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7746 Colloquium Paper: Mogil Table 2. Mouse strain differences of relevance to pain Proc. Natl. Acad. Sci. USA 96 (1999) Trait Parameters Administration Stimulus Strain Difference* Ref. Nociceptive sensitivity Thermal Chemical Neuropathic HP HP HP HP HT TW AC AC AC FT NT NT NT B6 = ICR = SW ~ BALB B6 > D2 >C3H B6 > 7 others RIIIS > 9 others > AKR B6 > 9 others > AKR B6 > 9 others > RIIIS CBA > C3H = D2 > B6 C3H = CBA > 6 others C3H > 9 others > 129 13 others > A 0F1 = BALB > NMRI > B6CBAF1 C3HeB > ICR B6 > 8 others > AKR = C58 135 136 62 59 59 59 137 62 59 138 139 140 59 Hypersensitivity Thermal CAR BALB > 9 others > SM 59 PNI AKR > 9 others > C58 59 Mechanical PNI 129 > 9 others > CBA 59 Analgesia Morphine 0-8 mg/kg s.c. HP CF-1 > CFW 141 0-320 mg/kg i.p. HP SW > B6 = BALB = ICR 135 0-2 mg/kg s.c. AC A = B6 = D2 > C3H = ICR = SW 142 75 mg pellet TF SW > ICR 143 75 mg pellet HP C3H = D2 > CD-1 144 5 mg/kg s.c. TF BALB > CD-1 > SW 145 5 mg/kg s.c. HP BALB > CD-1 > SW 145 0-100 mg/kg s.c. HP BALB = CBA = D2 > AKR = B6 = C3H 62 0-10 mg/kg s.c. AC B6 = D2 > C3H = CBA > AKR 62 0-12 ,ug i.c.v. TW C3H > 9 others > SWR! 58 U-50,488 5 mg/kg s.c. TF CD-1 > SW > BALB 145 NalBzoH 50 mg/kg s.c. TF CD-1 > SW > BALB 145 D-phenylalanine 0-400 mg/kg i.p. HP B6 = C3H > BALB = D2 146 Nitrous oxide 25-75% AC A > 8 others > D2 147 Alprazolam 0-100 mg/kg i.p. TF BALB > SW > B6 = CD-1 148 Nicotine 0-10 mg/kg i.p. TF CD-1 > CF-1 149 Epibatidine 0-0.1 mg/kg s.c. TW A > 7 others > C3H 150 Acetaminophen 0-250 mg/kg s.c. AC AKR > 6 others > BALB (unpublished data) Analgesic tolerance Morphine 9 x 50-100 mg/kg HP B6 = BALB = ICR > SW 135 75 mg pellet TF SW > ICR 143 75 mg pellet TF CD-1 > 129! 151 Strain Abbreviations (substrain identifiers are omitted; in most cases, inbred strains were obtained from The Jackson Laboratory: B6, C57BL/6; BALB, BALB/c; C3H, C3H/He; CD-1, Hsd:ICR (outbred); CF-1, Hsd:NSA (outbred); CFW, HsdWin:CFW1 (outbred); D2, DBA/2; ICR, Institute for Cancer Research stock (many suppliers; outbred); SW, Swiss Webster (outbred). Genealogical origins of all inbred mouse strains can be found in Festing (37) or at Other Abbreviations: AC, abdominal constriction (writhing) test; CAR, carrageenan; FT, formalin test; i.c.v., intracerebroventricular; i.p., intraperitoneal; i.v., intravenous; HP, hot-plate test; NalBzoH, naloxone benzoylhydrazone (a ~3-opioid agonist); NT, sciatic and saphenous nerve transection; PNI, peripheral nerve injury (Chung model); TF, radiant heat tail-flick test; TW, hot water tail-immersion/withdrawal test; VF, von Frey fiber test. *Only studies with significant strain differences are reported. Excluded are studies involving selected lines, mutants, recombinant inbred (RI) strains, and non-extant populations. Also excluded are studies specifically comparing the B6 and D2 strains. TStrain differences observed varied with sex. TNo analgesic tolerance whatsoever developed in the 129/SvEv substrain used. Qualitat~ve strain differences. In addition to the quantitative strain differences compiled in Tables 1 and 2, some very intriguing qualitative strain differences of relevance to pain have been noted. For instance, a number of investigations have suggested that certain strains activate opioid analgesic systems after exposure to stress, whereas other strains produce ap- proximately equivalent amounts of SIA, but of a non-opioid (i.e., naloxone-insensitive) character (35-37~. Vaccarino et al. (38) reported that naloxone injection produced paradoxical analgesia on the formalin test in BALB/c mice, but not B6 or outbred CD-1 mice. Fujimoto and colleagues (39) have dem- onstrated convincingly that heroin analgesia is mediated by ,u-opioid receptor activation in outbred Institute for Cancer Research stock (ICR) mice, but by &-receptor activation in outbred Swiss Webster (SW) mice. The same workers have recently (40) identified ,u-, 3-, and K-type heroin responders among inbred mouse strains. Vaccarino and Couret, Jr. (41) observed that the presence of formalin-induced pain during tolerance induction wholly prevented tolerance development in the Fischer 344 (F344) strain but not in the LEW strain. Lee et al. (42) observed a complete blockade of neuropathic mechanical allodynia after treatment with the c~-adrenergic receptor antagonist, phentolamine, in LEW rats; this treat- ment was wholly ineffective in F344 rats. The authors con- cluded that this neuropathy was sympathetically maintained in the former strain only. Finally, Proudfit's laboratory has demonstrated (43) that electrical stimulation-produced anal- gesia is reversed by cx2-adrenergic antagonists in SD rats from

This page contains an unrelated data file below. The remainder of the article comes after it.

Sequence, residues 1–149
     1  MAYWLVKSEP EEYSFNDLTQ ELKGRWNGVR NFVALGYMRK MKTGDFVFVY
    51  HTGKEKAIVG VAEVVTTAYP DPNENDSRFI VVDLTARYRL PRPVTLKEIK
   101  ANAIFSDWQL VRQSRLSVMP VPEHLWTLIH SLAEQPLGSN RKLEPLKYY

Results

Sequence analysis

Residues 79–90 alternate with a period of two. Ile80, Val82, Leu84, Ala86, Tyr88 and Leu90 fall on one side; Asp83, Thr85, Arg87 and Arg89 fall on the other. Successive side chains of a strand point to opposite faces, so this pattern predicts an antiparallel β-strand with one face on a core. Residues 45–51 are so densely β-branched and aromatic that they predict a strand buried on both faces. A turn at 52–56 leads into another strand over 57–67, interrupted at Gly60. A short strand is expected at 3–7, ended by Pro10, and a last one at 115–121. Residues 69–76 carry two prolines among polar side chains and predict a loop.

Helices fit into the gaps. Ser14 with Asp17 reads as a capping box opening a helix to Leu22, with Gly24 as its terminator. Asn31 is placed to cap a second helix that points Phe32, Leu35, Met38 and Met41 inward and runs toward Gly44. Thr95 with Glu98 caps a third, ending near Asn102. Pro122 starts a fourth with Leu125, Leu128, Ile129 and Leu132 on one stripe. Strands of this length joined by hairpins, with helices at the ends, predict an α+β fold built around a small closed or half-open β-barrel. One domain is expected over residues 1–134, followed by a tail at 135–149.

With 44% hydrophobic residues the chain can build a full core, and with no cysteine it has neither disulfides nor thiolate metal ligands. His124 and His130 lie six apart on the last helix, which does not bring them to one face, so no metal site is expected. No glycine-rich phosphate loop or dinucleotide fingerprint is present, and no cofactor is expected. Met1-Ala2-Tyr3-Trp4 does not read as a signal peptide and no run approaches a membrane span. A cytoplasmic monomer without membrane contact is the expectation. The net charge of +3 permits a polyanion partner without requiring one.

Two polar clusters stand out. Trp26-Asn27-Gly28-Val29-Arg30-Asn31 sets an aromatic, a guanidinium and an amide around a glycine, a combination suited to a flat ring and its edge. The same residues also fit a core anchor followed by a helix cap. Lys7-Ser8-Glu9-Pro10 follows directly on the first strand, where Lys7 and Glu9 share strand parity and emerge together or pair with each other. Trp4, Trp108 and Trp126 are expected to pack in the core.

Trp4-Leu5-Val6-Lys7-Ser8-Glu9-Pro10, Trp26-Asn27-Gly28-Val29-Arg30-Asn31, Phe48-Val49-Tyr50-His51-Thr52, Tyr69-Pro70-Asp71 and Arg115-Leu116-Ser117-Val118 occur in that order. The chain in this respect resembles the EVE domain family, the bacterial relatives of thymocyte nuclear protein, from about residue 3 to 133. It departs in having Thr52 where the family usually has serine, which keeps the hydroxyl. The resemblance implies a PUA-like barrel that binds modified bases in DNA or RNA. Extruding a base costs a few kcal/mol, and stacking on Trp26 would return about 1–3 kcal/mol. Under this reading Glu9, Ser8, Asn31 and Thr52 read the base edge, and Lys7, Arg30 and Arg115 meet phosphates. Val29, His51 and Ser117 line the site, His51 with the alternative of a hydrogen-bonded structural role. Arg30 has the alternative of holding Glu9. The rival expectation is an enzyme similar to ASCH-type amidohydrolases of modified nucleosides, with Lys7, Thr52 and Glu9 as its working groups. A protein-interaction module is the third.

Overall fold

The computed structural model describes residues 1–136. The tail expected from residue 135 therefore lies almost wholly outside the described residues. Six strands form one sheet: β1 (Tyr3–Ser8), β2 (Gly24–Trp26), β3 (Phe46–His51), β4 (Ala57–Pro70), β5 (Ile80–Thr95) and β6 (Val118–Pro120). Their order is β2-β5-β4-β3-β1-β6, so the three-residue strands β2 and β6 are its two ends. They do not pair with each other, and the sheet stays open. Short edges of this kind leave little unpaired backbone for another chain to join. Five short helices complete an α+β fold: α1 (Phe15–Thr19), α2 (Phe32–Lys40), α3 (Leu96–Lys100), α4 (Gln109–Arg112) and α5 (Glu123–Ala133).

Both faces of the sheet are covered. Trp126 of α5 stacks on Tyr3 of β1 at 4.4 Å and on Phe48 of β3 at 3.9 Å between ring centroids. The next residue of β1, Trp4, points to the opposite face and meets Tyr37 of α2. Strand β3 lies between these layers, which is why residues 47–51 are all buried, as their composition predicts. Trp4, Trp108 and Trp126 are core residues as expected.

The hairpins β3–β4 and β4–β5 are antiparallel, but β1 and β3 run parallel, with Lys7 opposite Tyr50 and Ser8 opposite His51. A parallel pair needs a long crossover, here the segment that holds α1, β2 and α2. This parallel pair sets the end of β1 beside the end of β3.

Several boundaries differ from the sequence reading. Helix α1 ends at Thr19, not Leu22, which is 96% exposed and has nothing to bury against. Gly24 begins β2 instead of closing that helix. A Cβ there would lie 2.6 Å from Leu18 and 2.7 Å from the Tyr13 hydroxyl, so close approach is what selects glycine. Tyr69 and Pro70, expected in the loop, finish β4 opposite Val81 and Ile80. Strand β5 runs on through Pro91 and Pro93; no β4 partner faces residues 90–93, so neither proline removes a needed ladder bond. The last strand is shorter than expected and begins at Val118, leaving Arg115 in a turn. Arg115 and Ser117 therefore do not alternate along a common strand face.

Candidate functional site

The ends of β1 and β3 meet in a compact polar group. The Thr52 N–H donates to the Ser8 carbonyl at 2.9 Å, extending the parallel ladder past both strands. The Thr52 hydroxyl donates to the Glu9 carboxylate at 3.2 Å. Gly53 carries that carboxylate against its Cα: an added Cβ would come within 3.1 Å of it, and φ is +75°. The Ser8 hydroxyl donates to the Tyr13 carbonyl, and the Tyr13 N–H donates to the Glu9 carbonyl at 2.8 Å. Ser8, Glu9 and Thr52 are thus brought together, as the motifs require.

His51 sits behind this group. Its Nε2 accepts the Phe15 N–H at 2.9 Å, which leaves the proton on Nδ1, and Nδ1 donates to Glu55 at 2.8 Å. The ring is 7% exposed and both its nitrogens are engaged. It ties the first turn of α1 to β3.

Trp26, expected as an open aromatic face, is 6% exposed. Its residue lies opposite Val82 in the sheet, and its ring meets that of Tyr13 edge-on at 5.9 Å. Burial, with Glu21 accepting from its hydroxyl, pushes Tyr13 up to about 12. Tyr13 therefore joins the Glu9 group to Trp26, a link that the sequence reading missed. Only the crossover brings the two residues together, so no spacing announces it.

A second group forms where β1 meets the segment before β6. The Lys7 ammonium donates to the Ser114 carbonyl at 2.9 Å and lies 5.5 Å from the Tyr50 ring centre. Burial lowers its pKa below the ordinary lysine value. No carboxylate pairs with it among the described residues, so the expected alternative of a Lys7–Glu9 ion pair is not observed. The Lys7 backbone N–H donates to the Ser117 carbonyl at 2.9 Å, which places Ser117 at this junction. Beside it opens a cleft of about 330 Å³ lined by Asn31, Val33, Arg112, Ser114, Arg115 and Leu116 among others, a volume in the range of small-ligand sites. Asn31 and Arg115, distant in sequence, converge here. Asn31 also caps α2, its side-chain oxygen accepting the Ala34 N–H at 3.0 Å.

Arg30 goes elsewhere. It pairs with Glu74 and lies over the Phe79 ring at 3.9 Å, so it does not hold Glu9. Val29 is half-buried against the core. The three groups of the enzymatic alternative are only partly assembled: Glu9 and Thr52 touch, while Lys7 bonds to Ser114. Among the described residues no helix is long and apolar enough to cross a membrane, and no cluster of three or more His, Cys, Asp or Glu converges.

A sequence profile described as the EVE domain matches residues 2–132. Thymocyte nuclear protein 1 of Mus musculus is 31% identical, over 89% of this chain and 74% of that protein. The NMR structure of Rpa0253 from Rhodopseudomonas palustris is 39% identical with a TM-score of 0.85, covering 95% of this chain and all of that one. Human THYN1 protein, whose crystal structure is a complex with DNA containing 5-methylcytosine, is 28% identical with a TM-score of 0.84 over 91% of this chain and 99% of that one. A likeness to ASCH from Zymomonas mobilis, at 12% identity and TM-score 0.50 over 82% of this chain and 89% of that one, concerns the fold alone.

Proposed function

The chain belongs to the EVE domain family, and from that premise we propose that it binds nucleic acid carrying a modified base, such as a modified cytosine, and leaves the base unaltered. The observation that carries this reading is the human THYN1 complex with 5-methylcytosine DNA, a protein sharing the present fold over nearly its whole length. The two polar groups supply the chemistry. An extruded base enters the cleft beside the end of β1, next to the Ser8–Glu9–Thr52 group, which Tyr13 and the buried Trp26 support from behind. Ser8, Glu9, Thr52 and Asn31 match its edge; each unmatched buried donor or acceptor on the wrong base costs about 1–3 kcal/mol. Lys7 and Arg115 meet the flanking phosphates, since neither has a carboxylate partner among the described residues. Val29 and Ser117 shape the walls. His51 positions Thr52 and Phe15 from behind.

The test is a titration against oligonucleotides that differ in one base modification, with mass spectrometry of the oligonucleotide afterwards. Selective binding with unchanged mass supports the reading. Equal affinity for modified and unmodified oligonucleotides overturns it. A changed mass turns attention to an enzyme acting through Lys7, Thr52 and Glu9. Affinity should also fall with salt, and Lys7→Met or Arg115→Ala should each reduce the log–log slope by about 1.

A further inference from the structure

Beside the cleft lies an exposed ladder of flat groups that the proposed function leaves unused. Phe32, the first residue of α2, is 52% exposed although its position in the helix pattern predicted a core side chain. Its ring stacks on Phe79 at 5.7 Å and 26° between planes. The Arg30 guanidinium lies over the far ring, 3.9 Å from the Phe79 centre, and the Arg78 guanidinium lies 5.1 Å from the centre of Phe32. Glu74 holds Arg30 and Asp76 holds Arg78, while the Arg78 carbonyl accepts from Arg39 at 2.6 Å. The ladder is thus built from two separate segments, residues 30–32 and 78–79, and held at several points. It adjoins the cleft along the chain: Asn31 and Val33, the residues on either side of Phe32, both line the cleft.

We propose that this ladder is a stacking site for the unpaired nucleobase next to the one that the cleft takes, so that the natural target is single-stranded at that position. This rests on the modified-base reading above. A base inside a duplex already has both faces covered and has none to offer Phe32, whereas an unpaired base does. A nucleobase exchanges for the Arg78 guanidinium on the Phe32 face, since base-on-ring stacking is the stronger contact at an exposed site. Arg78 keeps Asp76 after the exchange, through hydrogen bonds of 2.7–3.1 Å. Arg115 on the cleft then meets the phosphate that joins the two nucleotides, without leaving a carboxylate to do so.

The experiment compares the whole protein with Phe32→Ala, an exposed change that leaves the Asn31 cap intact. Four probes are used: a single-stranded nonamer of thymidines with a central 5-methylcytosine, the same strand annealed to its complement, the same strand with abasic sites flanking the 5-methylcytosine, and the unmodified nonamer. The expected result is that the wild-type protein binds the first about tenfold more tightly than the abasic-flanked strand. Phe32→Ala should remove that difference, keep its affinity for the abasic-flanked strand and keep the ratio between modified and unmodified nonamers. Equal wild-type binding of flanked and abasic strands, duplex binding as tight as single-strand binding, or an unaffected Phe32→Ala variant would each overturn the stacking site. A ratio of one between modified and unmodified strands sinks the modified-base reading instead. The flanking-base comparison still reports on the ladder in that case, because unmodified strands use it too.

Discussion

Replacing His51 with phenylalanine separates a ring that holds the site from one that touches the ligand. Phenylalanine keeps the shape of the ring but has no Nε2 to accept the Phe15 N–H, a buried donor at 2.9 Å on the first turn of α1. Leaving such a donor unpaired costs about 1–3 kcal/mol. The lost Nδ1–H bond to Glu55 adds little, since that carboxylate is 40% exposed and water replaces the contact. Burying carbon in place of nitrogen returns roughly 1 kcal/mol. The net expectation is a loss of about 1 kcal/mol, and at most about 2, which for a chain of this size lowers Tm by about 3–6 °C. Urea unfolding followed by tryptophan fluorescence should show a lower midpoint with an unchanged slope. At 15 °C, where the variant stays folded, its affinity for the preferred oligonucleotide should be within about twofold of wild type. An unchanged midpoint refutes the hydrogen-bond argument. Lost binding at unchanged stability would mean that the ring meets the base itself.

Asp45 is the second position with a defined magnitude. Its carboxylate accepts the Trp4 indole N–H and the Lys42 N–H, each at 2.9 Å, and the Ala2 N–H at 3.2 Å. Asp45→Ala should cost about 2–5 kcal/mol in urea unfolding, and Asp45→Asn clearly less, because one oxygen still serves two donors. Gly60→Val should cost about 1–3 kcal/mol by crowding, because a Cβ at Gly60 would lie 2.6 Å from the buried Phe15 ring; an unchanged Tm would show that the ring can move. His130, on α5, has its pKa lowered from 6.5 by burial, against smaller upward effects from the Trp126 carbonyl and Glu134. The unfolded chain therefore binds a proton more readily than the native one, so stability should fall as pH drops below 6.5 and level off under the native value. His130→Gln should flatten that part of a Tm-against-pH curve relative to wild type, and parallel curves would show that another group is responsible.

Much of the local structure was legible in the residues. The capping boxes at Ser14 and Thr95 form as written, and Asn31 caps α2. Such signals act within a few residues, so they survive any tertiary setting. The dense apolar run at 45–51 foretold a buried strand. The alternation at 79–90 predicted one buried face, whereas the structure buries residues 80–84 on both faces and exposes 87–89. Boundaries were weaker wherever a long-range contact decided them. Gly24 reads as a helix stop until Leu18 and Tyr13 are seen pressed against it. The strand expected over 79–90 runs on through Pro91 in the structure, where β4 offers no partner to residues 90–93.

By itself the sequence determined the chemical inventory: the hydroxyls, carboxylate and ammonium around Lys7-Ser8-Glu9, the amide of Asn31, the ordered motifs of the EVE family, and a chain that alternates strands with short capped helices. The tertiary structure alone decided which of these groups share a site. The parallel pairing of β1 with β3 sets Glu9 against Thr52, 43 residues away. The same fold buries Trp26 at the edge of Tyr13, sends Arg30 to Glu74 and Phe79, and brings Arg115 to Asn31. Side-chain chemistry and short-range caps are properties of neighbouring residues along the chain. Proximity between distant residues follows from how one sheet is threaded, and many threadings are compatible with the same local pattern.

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Colloquium Paper: Mogil the now defunct Sasco (Omaha, NE), but not in SD rats from Harlan-Sprague-Dawley. This difference may be explained by the differential projection routes and dorsal horn termination fields (laminae VII-X versus laminae I-IV, respectively) of pontospinal noradrenergic neurons in these substrains (44~. Heritability of Pain-Related Traits That individual differences in pain-related traits exist, of course, does not imply that these differences are necessarily attributable to genetic factors. Familial aggregation of pain pathologies and extremes of pain sensitivity has been repeat- edly noted in humans, but such findings have almost uniformly been attributed to shared environmental variance and/or familial modeling (e.g., refs. 45-49~. To separate genetic and environmental factors, twin studies have been conducted (some even featuring adoption), comparing the concordance rates of pain-related traits in monozygotic (identical) versus dizygotic (fraternal) twins (see ref. 50~. Heritability (i.e., the proportion of overall phenotypic variance accounted for by genetic factors) has been estimated as 39-58% for migraine (51-53), 55% for menstrual pain (54), 50% for back pain (55), and 21% for sciatica (56~. Only one report exists of a twin study of nonpathological, basal pain sensitivity. MacGregor et al. (57) assessed forehead pressure pain thresholds in 269 monozygotic pairs and 340 dizygotic pairs, and observed only a slight excess correlation in monozygotic versus dizygotic twins (r = 0.57 vs. 0.51, respec- tively). This excess corresponds to a heritability of this trait of only 10% and suggests that the twin correlations in pain thresholds are largely due to shared environmental factors. In contrast to this last study in humans, heritability estimates for nociceptive and analgesic sensitivity in mice are fairly high, ranging from 28% to 76% (29, 58-60) certainly well within the range considered for further genetic analysis. Because none of the murine nociceptive assays used are similar to the forehead pressure pain test used by MacGregor et al. (57), it is difficult at the present time to evaluate whether humans and mice truly differ in the contribution of genes to pain sensitivity. Even if genetic factors are ultimately demonstrated to play only a minor role in the determination of individual pain sensitivity in humans, genetic studies of pain may still prove highly valuable. Such studies, for example, may illuminate those components of pain processing circuitry in mice and humans that are especially amenable to alteration, knowledge likely to be useful for the development of novel analgesic strategies. Genetic Correlations Among Pain Phenotypes The tools of classical genetics can be used, even in advance of the identification of the relevant genes, to determine whether traits share genetic mediation (see ref. 61~. The fact that a given gene can influence more than one trait is known in genetic parlance as pleiotropy. Pleiotropic actions of genes result in the genetic correlation of traits, because allelic variation in a gene will influence all traits in which that gene participates. The determination of genetic correlation has proven to be very heuristic, leading to novel theories regarding the underlying physiological mediation of traits. A number of genetic correlations of pain-related phenotypes have been noted using selected lines and inbred strains (see ref. 24~. I would like to focus on two intriguing findings, as follows. Genetic Correlation of Nociception and Opiate Analgesia. It has been demonstrated by several groups that a negative genetic correlation exists between initial nociceptive sensitiv- ity and subsequent morphine analgesia (27, 62, 63~. That is, mice that are initially sensitive to noxious stimuli tend to exhibit modest analgesic responses to morphine, whereas mice that are relatively resistant to basal nociception exhibit robust morphine analgesia. In two separate studies using multiple Proc. Natl. Acad. Sci. USA 96 (1999) 7747 inbred strains, this correlation was estimated as r = -0.63 to -0.85 (62) and r = -0.61 (58~. Thus, mice are "doubly advantaged" or "doubly disadvantaged" with respect to noci- ception and its opiate inhibition. Interestingly, this negative correlation (albeit with n = 2 only) can also be observed when comparing the sexes. Genetic Correlations Among Nociceptive Assays. We re- cently tested 11 inbred strains on 12 separate measures of nociception in common use in the mouse (59, 609. The assays used can be placed on a number of dimensions, including etiology (nociceptive, inflammatory, neuropathic), modality (thermal, chemical, mechanical), duration (acute, tonic, chronic), and location (cutaneous, subcutaneous, visceral). We reasoned that inbred strain variation could be exploited to identify clusters of genetically correlated nociceptive assays. Similar genetic mediation implies similar physiological medi- ation of assays, suggesting that they measure the same "type of pain as defined mechanistically. Essentially, we were at tempting to produce a natural rather than artificial taxonomy of nociception in the mouse, similar to that called for by Woolf et al. (64~. The results of this effort were variously expected and surprising. By using multivariate analyses, we identified three obvious clusters of pain tests, in which within-cluster genetic correlations greatly exceeded between-cluster correlations: "thermal" (Hargreaves' test, hotplate test, tail-immersion/ withdrawal test, and, surprisingly, autotomy), "chemical" (ace- tic acid abdominal constriction, magnesium sulfate abdominal constriction, acute- and tonic-phase formalin test), and "me- chanical + hypersensitivity" (von Frey test, carrageenan ther- mal hypersensitivity, peripheral nerve injury thermal, and mechanical hypersensitivity) (59, 60~. Thus, the stimulus mo- dality dimension accounted for the obtained genetic correla- tions to a far greater degree than any other factor. The presence or absence of neuropathy or inflammation was found to be essentially irrelevant as was the site or duration of the stimulus. Identification of Pain-Related Genes The holy grail of pain genetics, of course, is the actual identification of pain-related genes and the polymorphisms within or near such genes that account for trait variability. Note that "pain-related gene" could be broadly defined as any gene encoding a protein of known pain relevance or of a gene whose null mutant exhibits a pain-related phenotype. Defined in this way, a large number of pain-related genes are known. However, if more properly defined as one in which allelic variation directly produces individual differences or pathology, only a handful of pain-related genes have been identified. Techniques. Essentially, there are two ways to identify genes associated with trait variability: (i) linkage analysis, including classical model-based linkage techniques and allele-sharing methods in humans and test-crosses in animals, and (ii) association studies (reviewed in ref. 65~. Linkage analyses follow familial inheritance patterns, whereas association stud- ies compare allele frequencies in defined populations. Given the increasingly large number of genes already cloned and mapped in Homo sapiens and Mus musculus, linkage studies may lead immediately to the identification of candidate genes, which can then be studied by using the latter approach once allelic variants are found. Candidate genes, of course, can also be evaluated by using nongenetic means, by investigating the physiology of the proteins they encode. Failing the identifica- tion of an already cloned candidate gene, positional cloning techniques (e.g., ref. 66) can be used to narrow the ~20- centimorgan (cM)-wide chromosomal region identified by linkage down to the OCR for page 7744